There is a lot to like about the candidates running to be Colorado’s next attorney general. Both George Brauchler, the Republican, and Phil Weiser, the Democrat, bring impressive lists of relevant experience to the position.
In recent interviews with the Herald editorial board, both men demonstrated that despite the hyper-political tone of today’s elections, they stress the need to avoid partisan rancor to accomplish the goals of the office.
“What if we can restore the idea of integrity in office without making it a partisan issue every time?” Brauchler asked the board in a refreshing moment. Weiser also made his position clear: “Running for this job,” he said, “I have a challenge to engage and protect all the people across the state.”
They also share similar views on dealing with drug abuse and with resolving the opioid crisis. “We need an alternative to incarceration for drug use, for example, opioids,” said Weiser. Brauchler’s take on the issue was an echo: “Arresting and jailing folks for opioid abuse is not productive. Or helpful. Or cost effective.”
We find that the distinction between them lies in the direction from which they approach the job.
As district attorney for Colorado’s 18th Judicial District, composed of nearly a million people, Brauchler deals with the nuts and bolts of our judicial system on a daily basis. He has been a hands-on prosecutor, public defender and defense lawyer for 24 years.
Weiser’s work for Supreme Court Justices Ruth Bader Ginsberg and Byron White, his service in the Department of Justice under Presidents Bill Clinton and Barack Obama, and his leadership as dean of the CU Law School have been justly praised.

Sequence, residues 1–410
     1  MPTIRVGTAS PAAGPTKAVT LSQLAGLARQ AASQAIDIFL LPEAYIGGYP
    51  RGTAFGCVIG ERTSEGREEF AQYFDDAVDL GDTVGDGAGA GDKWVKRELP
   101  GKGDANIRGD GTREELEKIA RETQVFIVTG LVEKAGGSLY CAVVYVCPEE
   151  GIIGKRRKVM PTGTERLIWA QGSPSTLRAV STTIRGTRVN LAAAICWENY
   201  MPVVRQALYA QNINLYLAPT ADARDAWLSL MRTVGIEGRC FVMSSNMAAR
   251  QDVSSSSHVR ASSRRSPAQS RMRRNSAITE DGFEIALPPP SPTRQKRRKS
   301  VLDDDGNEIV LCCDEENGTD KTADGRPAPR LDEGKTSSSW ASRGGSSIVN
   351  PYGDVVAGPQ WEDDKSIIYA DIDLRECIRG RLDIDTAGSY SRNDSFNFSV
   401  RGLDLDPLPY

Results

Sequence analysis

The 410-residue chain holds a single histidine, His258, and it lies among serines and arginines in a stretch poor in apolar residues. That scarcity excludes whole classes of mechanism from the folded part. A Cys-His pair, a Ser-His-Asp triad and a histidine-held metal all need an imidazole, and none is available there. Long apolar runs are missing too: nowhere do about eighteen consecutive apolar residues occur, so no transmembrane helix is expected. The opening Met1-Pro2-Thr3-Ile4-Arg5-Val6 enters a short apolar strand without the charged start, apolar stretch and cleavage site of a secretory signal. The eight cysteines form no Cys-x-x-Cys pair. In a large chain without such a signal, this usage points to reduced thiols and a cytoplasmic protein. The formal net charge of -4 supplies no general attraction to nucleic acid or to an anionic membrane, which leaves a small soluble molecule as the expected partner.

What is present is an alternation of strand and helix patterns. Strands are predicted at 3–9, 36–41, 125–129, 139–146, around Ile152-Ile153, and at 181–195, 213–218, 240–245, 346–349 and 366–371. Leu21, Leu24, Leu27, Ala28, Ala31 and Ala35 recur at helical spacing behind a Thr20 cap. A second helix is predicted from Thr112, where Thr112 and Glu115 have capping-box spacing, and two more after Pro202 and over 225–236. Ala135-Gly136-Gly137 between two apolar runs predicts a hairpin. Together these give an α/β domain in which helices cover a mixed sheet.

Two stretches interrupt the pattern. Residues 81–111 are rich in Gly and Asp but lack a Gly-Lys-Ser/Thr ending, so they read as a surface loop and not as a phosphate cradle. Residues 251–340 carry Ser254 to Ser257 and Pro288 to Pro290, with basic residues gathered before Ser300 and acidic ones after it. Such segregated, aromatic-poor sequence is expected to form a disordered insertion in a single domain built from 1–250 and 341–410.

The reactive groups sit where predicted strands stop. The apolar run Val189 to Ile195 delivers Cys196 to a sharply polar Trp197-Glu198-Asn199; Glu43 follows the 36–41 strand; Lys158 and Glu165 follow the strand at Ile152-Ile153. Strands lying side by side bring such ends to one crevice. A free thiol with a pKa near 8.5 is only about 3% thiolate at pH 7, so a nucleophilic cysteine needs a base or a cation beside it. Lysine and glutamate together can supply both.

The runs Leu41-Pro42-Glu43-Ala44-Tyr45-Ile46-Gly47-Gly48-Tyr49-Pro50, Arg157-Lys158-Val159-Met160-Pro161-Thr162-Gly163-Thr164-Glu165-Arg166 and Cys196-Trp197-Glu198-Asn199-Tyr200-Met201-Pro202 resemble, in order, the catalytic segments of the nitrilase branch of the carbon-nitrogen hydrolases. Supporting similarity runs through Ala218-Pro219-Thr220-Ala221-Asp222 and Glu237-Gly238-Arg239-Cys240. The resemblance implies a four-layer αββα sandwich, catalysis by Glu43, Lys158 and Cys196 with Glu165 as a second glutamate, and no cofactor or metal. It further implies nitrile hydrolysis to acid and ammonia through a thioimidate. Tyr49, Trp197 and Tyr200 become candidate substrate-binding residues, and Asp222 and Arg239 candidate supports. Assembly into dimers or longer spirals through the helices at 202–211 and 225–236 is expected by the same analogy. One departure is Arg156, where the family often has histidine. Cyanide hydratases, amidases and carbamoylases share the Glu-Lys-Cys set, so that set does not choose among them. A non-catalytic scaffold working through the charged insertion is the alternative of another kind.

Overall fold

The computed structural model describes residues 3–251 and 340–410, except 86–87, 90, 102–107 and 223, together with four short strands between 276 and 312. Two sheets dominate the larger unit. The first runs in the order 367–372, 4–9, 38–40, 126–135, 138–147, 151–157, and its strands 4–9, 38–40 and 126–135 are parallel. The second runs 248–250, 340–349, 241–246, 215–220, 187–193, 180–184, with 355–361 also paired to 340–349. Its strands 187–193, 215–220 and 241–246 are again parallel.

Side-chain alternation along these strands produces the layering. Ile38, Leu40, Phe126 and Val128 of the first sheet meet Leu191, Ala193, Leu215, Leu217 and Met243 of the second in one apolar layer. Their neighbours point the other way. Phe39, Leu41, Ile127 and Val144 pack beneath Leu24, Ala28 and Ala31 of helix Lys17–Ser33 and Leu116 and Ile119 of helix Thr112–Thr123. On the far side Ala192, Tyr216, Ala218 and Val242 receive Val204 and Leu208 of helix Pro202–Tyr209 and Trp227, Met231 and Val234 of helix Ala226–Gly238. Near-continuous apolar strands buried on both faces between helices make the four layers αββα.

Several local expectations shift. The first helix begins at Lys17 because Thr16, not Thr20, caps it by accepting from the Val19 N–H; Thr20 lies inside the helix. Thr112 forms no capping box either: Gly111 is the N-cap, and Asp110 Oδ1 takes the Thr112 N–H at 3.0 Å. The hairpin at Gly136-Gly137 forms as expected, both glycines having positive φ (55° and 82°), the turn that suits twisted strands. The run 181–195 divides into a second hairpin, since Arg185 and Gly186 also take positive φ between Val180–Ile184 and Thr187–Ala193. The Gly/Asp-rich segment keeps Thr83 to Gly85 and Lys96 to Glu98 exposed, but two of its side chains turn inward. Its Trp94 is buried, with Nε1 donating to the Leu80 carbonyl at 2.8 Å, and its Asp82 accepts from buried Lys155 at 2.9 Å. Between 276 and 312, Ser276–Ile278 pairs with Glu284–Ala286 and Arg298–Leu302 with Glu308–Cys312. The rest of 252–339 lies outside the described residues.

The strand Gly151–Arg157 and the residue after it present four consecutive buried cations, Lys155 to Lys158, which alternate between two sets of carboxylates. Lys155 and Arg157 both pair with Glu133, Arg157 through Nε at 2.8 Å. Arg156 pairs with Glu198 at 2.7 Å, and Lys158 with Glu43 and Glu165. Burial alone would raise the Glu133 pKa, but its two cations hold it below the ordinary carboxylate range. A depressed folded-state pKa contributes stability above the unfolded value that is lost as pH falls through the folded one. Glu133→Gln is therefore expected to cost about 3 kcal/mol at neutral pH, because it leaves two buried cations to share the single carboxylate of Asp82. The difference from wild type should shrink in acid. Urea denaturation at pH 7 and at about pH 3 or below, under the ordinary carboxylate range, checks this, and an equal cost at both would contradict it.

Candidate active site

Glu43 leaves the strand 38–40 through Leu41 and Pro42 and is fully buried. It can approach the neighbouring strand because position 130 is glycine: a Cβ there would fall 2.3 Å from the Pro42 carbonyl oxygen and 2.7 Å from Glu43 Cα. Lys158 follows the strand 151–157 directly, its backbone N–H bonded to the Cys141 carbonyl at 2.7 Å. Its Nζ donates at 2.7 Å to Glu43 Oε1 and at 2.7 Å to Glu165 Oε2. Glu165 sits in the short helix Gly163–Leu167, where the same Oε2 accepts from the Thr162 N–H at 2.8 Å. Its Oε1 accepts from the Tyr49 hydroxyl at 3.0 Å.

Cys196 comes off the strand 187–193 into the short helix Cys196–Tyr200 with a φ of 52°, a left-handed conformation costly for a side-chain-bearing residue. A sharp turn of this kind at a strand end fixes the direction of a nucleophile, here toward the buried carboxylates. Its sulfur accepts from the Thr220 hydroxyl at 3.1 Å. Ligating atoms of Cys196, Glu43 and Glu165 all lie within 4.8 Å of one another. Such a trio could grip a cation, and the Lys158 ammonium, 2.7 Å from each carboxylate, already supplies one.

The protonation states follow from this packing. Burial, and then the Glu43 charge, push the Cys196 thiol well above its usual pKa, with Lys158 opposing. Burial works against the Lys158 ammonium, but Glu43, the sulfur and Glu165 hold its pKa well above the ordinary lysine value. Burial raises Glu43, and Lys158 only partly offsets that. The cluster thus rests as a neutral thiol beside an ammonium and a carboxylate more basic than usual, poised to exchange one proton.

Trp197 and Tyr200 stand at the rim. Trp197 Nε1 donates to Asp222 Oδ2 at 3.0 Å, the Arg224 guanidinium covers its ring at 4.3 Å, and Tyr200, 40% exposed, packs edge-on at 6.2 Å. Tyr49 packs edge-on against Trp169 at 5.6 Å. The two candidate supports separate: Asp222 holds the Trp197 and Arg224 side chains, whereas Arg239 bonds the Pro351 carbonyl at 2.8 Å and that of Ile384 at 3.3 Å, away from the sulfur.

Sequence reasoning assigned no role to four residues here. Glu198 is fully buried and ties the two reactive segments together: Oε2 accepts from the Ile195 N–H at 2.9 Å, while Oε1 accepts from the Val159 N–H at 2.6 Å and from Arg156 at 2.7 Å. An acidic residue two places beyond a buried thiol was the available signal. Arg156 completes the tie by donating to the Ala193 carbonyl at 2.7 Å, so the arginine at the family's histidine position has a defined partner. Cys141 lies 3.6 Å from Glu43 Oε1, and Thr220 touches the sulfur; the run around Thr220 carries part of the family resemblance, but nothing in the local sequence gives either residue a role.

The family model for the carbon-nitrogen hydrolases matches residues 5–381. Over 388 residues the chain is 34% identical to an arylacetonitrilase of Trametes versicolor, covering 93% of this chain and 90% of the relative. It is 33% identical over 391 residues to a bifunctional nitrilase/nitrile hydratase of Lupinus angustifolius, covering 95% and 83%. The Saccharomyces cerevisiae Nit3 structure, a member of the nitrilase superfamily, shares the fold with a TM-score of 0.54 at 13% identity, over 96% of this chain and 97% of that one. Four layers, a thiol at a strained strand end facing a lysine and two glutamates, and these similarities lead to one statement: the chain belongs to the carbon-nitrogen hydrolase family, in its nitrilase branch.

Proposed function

But we find his approach to Colorado’s needs more distant, while Brauchler’s ideas, including addressing the state’s “urban/rural divide” by putting more manpower in rural areas of the state, are more practical.
More telling is Weiser’s dramatized advertisement, which shows him awake at night writing about “all the ways we need to protect Colorado from Donald Trump.” We may share some of his concerns, but we disagree that the presidential administration should be the Colorado attorney general’s prime area of concern. We vote for George Brauchler.
Candidate qualificationsWe find Amendment V, a proposed change to Colorado’s Constitution, a welcome addition to the ballot. Not only does the amendment make sense, it also demonstrates the right way to use the constitution as a careful and infrequently used agent of change.
Amendment V seeks to change the minimum age to become a member of the state’s General Assembly from 25 to 21 years. Citizenship and residency requirements for service – you must reside in a district for at least 12 months before an election – remain unchanged.
As part of efforts to make Colorado elections more inclusive, and to encourage more participation by citizens in representative state government, Amendment V is sound.
The state has no more business limiting candidacy for an otherwise qualified adult on the basis of four years of age than it does on the basis of race, gender or sexual orientation.
Our constitution should embrace ways to encourage more participation in our government, not be a bastion of limitations. Let the voters decide if a candidate has the knowledge and experience necessary for office, not the calendar.
We vote YES on Amendment V.